Nevertheless, the work by Selkowitz, Beneck, and Powers provides a very timely insight into the best hip strength exercises for runners.

A routine based around clamshell exercises using a theraband, side-steps, single-leg glute bridges, and quadruped hip extensions is a very good place to start, either if you have knee or hip injuries currently or would like to prevent developing them in the future.

Free Strength Training Course

The Right Way to Add Strength Training To Your Running to Avoid Injury and Improve Performance

Here’s what we’ve got for you

How the “core” actually contributes to your running and which muscle groups are most important for staying injury-free

Which type of strength training exercises are most likely to directly improve your running performance (based on scientific research)

The 5 most common mistakes runners make with strength training (and how you can fix them)


1. Cichanowski, H. R.; Schmitt, J. S.; Johnson, R. J.; Niemuth, P. E., Hip Strength in Collegiate Female Athletes with Patellofemoral Pain. Medicine & Science in Sports & Exercise 2007, 39 (8), 1227-1232.
2. Fredericson, M.; Cookingham, C. L.; Chaudhari, A. M.; Dowdell, B. C.; Oestreicher, N.; Sahrmann, S. A., Hip Abductor Weakness in Distance Runners with Iliotibial Band Syndrome. Clinical Journal of Sports Medicine 2000, (10), 169-175.
3. Niemuth, P. E.; Johnson, R. J.; Myers, M. J.; Thieman, T. J., Hip Muscle Weakness and Overuse Injuries in Recreational Runners. Clinical Journal of Sports Medicine 2005, (15), 14-21.
4. Selkowitz, D. M., Which Exercises Target the Gluteal Muscles While Minimizing Activation of the Tensor Fascia Lata? Electromyographic Assessment Using Fine-Wire Electrodes. Journal of Orthopaedic and Sports Physical Therapy 2012.
5. Fairclough, J.; Hayashi, K.; Toumi, H.; Lyons, K.; Bydder, G.; Phillips, N.; Best, T. M.; Benjamin, M., Is iliotibial band syndrome really a friction syndrome? Journal of Science and Medicine in Sport 2007, 10 (2), 74-76.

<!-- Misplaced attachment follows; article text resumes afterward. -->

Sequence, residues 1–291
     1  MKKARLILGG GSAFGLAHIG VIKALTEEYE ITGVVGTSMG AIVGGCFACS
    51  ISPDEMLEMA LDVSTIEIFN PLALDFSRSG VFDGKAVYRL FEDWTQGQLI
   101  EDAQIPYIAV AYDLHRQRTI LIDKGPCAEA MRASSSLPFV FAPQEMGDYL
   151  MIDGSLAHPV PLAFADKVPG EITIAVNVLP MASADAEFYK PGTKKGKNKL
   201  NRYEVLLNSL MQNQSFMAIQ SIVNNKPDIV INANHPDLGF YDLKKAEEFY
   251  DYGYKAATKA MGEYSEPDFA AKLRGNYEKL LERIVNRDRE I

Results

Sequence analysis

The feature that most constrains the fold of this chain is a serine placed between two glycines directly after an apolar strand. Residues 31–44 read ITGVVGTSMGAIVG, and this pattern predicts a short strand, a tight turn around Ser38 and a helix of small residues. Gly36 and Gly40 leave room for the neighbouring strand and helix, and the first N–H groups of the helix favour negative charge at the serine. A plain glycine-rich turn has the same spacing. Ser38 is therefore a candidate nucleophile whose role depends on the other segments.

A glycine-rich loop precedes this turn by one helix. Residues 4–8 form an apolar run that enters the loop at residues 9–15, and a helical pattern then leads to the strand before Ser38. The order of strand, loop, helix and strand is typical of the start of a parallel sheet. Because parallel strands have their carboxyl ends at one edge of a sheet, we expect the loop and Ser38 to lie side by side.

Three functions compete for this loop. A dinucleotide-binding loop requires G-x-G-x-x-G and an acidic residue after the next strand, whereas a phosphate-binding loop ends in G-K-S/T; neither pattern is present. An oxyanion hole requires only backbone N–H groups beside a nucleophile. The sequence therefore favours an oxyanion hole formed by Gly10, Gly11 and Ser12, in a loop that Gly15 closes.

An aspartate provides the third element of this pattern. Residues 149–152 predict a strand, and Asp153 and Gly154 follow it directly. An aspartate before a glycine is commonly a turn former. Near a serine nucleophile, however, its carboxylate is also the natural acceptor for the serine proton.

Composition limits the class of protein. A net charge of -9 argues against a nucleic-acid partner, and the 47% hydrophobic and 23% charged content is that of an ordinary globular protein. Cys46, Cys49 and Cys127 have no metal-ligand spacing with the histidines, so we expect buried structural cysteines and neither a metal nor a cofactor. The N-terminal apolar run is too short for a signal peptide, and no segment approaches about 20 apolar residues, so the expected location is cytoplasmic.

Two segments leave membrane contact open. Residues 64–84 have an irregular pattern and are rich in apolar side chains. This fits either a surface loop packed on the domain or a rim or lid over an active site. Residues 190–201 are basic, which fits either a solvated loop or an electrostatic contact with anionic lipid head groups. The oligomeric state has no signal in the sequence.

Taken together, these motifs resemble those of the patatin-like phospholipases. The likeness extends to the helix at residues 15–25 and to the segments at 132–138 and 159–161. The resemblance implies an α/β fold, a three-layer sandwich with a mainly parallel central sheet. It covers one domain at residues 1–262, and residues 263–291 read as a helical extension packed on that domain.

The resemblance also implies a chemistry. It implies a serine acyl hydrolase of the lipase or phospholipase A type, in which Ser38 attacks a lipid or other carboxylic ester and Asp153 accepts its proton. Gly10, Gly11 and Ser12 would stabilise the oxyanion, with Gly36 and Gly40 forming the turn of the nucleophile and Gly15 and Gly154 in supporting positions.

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13 Responses on “The 5 Best Exercises to Strengthen Your Hip Muscles and Prevent Injury

  1. I think bands are pretty easy to buy and use. Even Walmart sells them. I use a lot of band training, simply because they are so easy and the type of resistance is really difficult to train so hard that you can’t recover fast.

  2. Thanks for the info! I get derailed by frustrating hip issues and found your site searching for solutions, so I for one will incorporate these exercises into my routine.

  3. Other than the clamshell and sidestep, do the other positions have repetitive movement, or are you holding them for 10-12 seconds?
    Thanks much.

  4. Can you list the repetitions recommended for each exercise for a beginner, intermediate and advanced levels please?

  5. I don’t understand why you don’t want to work the TFL. i understand you don’t want it to be tight, but you wouldn’t want it to be weak either, would you? Why not work all the muscles and incorporate stretching for the TFL and whatever else needs it?

  6. I don’t understand– why don’t you want to work the TFL?
    i understand you don’t want it to be tight, but why would you want it to be weak, especially when you’re working to strengthen everything else? Wouldn’t it be better to strengthen it too, and include some flexibility work for it?

  7. I’ve done a ton of workouts on those parts of my body… First it started in the right side[ I see so many people suffering in this side This may be because these people are right hand, never the less It is now starting on my left side and I’m dishing it out. It has to be done regardless if I run or not… which I really want to do some day soon again. To be honest there is no other greater feeling than getting up speed and going full blown running.] Now I have gotten that side under control and keeping it that way. I stretch on a regular. Those wanting [ and I know you do ] to get this worked out must do these. It start in the hips but you should strengthen your core. Do plank workouts if that is too hard which they seem o be for me, so What I did was did a 15 minute ab workout routine. Type that into you tube his vids are really good. Do that do leg work lifting your legs. Do it as slow as you can not fast [I did this and it was a mistake] this means lift the leg feel the muscles that allow this t happen, concentrate on them. Notice other body movements and if your core is twisting do not go not allowing it just keep it minimal, as for upper from your sternum to chest and shoulders that is fine that should be twisting. To gain a better understanding of this movement and dis movement stand and put both hands behind your head elbows out do not lock your hands together … EVER never ever do this. That goes for any exercise… do not do that i don’t care if the guru of whatever out there tells ya to do not do it. It will inhibit you from doing more with upper body movement and so on. Just don’t. now place them behind your head… BESIDE… one another 🙂 and now twist one elbow out so that it is in front of your face keeping neck and bottom torso straight. It’s okay for the first few twists if you don’t get it that is totally fine 😀 what matters is that you.. correct it that is all that matters and you get the results … do not worry so much about if you do lock your hands at first or not but you’ll notice now when you do… so yeah that’ that lol. Now the rest.